Nasser and associates (2020) stated that pregnant travelers and their offspring are vulnerable to severe outcomes following a wide range of infections.  Vaccine-preventable diseases can have a particularly severe course in pregnant women, but little is known about the safety of travel vaccines in pregnant women.  These researchers performed a systematic review of all published literature concerning the safety of vaccines frequently given to travelers such as yellow fever, MMR (mumps, measles and rubella), influenza, Tdap (tetanus, diphtheria and pertussis), meningococcus, hepatitis A and B, rabies, polio, typhoid fever, tick-borne encephalitis and Japanese encephalitis vaccines.  They included case-series studies, cohort studies and randomized controlled trials (RCTs). For the meta-analysis, these investigators included only RCTs that compared the administration of a vaccine to placebo or to no vaccine.  Outcome measures included severe systemic adverse events (AEs), maternal outcomes related to the course of pregnancy, neonatal outcomes and local AEs. They calculated the RR and its 95 % CI as the summary measure. The safety of influenza vaccine was supported by high-quality evidence. For Tdap vaccine, no evidence of any harm was found in the meta-analysis of RCTs. A slight increase in chorioamnionitis rate was reported in 3 out of 12 observational studies. However, this small possible risk was far out-weighed by a much larger benefit in terms of infant morbidity and mortality.

Table: CPT Codes / HCPCS Codes / ICD-10 Codes
Code Code Description

Information in the [brackets] below has been added for clarification purposes.   Codes requiring a 7th character are represented by "+":

Diphtheria, tetanus toxoid, and whole-cell or acellular pertussis vaccines (Boostrix, Adacel):

CPT codes covered if selection criteria are met:

90471 Immunization administration (includes percutaneous, intradermal, subcutaneous, or intramuscular injections); one vaccine (single or combination vaccine/toxoid)
+ 90472     each additional vaccine (single or combination vaccine/toxoid) (List separately in addition to code for primary procedure)
90700 Diphtheria, tetanus toxoids, and acellular pertussis vaccine (DTaP), when administered to individuals younger than 7 years, for intramuscular use
90715 Tetanus, diphtheria toxoids and acellular pertussis vaccine (Tdap), when administered to individuals 7 years or older, for intramuscular use

ICD-10 codes covered if selection criteria are met:

Z23 Encounter for immunization

Combination vaccination with diphtheria-tetanus-acellular pertussis, and inactivated polio (DTaP-IPV) (Kinrix™, GlaxoSmithKline) (Quadracel®, Sanofi Pasteur):

CPT codes covered if selection criteria are met:

90471 Immunization administration (includes percutaneous, intradermal, subcutaneous, or intramuscular injections); one vaccine (single or combination vaccine/toxoid)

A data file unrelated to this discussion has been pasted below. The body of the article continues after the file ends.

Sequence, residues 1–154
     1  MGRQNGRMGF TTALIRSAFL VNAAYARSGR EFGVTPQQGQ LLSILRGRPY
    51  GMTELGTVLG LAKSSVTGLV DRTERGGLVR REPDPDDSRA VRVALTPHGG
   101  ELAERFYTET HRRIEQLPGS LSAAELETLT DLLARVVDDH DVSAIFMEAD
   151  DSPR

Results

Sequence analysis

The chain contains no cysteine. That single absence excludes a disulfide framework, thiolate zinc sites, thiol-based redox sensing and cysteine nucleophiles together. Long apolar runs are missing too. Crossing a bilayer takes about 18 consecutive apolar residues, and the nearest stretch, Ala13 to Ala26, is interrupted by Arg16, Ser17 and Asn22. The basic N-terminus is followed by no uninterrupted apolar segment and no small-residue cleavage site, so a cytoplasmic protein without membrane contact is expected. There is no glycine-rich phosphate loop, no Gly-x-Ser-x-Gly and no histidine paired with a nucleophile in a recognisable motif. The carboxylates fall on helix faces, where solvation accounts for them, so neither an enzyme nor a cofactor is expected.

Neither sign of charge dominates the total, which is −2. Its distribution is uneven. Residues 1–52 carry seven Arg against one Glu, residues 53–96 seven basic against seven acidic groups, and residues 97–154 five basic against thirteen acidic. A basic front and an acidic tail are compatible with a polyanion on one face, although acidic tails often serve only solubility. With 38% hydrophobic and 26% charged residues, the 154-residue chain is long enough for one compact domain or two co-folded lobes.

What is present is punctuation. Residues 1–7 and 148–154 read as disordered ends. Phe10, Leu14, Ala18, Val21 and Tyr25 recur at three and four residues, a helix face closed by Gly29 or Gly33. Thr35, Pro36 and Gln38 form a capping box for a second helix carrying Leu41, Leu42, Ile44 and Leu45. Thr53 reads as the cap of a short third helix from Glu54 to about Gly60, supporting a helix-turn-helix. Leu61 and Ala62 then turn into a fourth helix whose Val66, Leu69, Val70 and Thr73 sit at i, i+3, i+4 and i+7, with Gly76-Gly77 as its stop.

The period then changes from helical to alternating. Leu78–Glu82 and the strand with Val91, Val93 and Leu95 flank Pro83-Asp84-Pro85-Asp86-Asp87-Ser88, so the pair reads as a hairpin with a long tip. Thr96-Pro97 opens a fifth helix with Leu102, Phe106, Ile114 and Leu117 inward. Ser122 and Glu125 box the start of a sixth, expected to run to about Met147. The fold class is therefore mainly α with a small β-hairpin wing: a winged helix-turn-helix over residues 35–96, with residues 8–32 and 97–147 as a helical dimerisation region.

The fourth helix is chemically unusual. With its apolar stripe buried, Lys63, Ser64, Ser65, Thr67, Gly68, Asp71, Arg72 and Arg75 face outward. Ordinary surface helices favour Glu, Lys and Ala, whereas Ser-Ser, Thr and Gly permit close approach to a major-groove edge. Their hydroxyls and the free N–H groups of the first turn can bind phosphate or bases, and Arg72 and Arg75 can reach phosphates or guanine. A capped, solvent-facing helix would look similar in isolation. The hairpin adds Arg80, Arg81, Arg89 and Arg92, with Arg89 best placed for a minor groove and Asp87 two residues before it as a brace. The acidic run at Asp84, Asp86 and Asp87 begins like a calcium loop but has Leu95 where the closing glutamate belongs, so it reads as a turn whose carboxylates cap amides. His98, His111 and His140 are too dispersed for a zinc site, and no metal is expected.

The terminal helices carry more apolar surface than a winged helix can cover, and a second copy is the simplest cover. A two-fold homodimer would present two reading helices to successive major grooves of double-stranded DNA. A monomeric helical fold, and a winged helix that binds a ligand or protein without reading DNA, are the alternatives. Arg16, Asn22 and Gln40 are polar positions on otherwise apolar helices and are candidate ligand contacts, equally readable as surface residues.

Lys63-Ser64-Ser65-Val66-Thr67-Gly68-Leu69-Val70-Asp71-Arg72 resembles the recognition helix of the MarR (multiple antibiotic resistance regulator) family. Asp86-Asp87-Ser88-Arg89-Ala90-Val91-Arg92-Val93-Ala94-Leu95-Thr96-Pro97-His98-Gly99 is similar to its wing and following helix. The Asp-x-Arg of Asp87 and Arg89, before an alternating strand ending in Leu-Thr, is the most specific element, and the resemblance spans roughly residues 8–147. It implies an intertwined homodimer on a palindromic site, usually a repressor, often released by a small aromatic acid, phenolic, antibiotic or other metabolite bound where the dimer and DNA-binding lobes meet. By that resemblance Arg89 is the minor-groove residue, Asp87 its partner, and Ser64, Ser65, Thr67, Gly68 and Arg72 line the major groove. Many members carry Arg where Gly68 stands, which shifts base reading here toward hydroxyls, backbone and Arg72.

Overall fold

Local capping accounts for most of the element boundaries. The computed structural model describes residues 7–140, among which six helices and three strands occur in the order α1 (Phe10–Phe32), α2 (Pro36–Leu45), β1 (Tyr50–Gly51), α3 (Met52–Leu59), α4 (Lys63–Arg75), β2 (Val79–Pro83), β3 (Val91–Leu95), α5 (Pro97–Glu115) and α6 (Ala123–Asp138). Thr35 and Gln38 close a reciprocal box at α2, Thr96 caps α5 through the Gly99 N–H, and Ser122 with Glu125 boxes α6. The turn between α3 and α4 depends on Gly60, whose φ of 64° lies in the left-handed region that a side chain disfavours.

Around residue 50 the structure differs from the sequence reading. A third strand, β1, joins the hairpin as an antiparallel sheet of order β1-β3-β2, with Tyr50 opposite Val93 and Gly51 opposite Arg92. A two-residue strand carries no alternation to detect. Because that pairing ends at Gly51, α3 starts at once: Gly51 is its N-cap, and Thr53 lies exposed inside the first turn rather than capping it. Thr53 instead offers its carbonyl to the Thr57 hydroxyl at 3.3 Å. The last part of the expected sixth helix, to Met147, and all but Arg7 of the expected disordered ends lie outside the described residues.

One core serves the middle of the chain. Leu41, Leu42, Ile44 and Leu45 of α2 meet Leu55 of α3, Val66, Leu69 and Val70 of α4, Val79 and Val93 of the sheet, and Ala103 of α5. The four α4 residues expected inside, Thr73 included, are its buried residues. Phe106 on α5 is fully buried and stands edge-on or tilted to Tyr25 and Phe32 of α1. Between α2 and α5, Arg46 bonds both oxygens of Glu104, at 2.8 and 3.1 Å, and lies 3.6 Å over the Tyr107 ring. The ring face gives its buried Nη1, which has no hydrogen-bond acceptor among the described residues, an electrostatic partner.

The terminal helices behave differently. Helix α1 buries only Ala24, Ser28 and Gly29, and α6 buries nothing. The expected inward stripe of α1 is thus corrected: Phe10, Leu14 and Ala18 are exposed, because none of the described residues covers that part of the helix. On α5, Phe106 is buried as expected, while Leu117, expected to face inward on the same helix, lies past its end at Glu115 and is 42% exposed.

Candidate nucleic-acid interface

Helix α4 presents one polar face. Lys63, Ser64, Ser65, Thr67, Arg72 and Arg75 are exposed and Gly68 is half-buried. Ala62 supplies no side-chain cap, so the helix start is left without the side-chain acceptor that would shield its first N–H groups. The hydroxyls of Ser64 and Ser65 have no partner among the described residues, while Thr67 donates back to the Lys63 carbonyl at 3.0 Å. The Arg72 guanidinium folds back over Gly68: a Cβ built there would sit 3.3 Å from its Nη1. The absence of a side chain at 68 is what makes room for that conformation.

+ 90472     each additional vaccine (single or combination vaccine/toxoid) (List separately in addition to code for primary procedure)
90696 Diphtheria, tetanus toxoids, acellular pertussis vaccine and inactivated poliovirus vaccine (DTaP-IPV), when administered to children 4 through 6 years of age, for intramuscular use

ICD-10 codes covered if selection criteria are met:

Z23 Encounter for immunization

Combination vaccination with DTaP, IPV, Haemophilus b conjugate and hepatitis B (VaxelisTM, Sanofi Pasteur):

CPT codes covered if selection criteria are met:

90471 Immunization administration (includes percutaneous, intradermal, subcutaneous, or intramuscular injections); one vaccine (single or combination vaccine/toxoid)
+ 90472     each additional vaccine (single or combination vaccine/toxoid) (List separately in addition to code for primary procedure)
90697 Diphtheria, tetanus toxoids, acellular pertussis vaccine, inactivated poliovirus vaccine, Haemophilus influenzae type b PRP-OMP conjugate vaccine, and hepatitis B vaccine (DTaP-IPV-Hib-HepB), for intramuscular use

ICD-10 codes covered if selection criteria are met:

Z23 Encounter for immunization

Combination vaccination with diphtheria-tetanus-acellular pertussis (DTaP), inactivated polio, and hepatitis B (Pediatrix®, GlaxoSmithKline):

CPT codes covered if selection criteria are met:

90471 Immunization administration (includes percutaneous, intradermal, subcutaneous, or intramuscular injections); one vaccine (single or combination vaccine/toxoid)
+ 90472     each additional vaccine (single or combination vaccine/toxoid) (List separately in addition to code for primary procedure)
90723 Diphtheria, tetanus toxoids, acellular pertussis vaccine, Hepatitis B, and poliovirus vaccine, inactivated (DtaP-HepB-IPV), for intramuscular use

ICD-10 codes covered if selection criteria are met:

Z23 Encounter for immunization

Immunization with DTaP, DTP, tetanus toxoid (TT), or tetanus and diphtheria toxoids (Td), Tenivac® (Sanofi Pasteur):

CPT codes covered if selection criteria are met: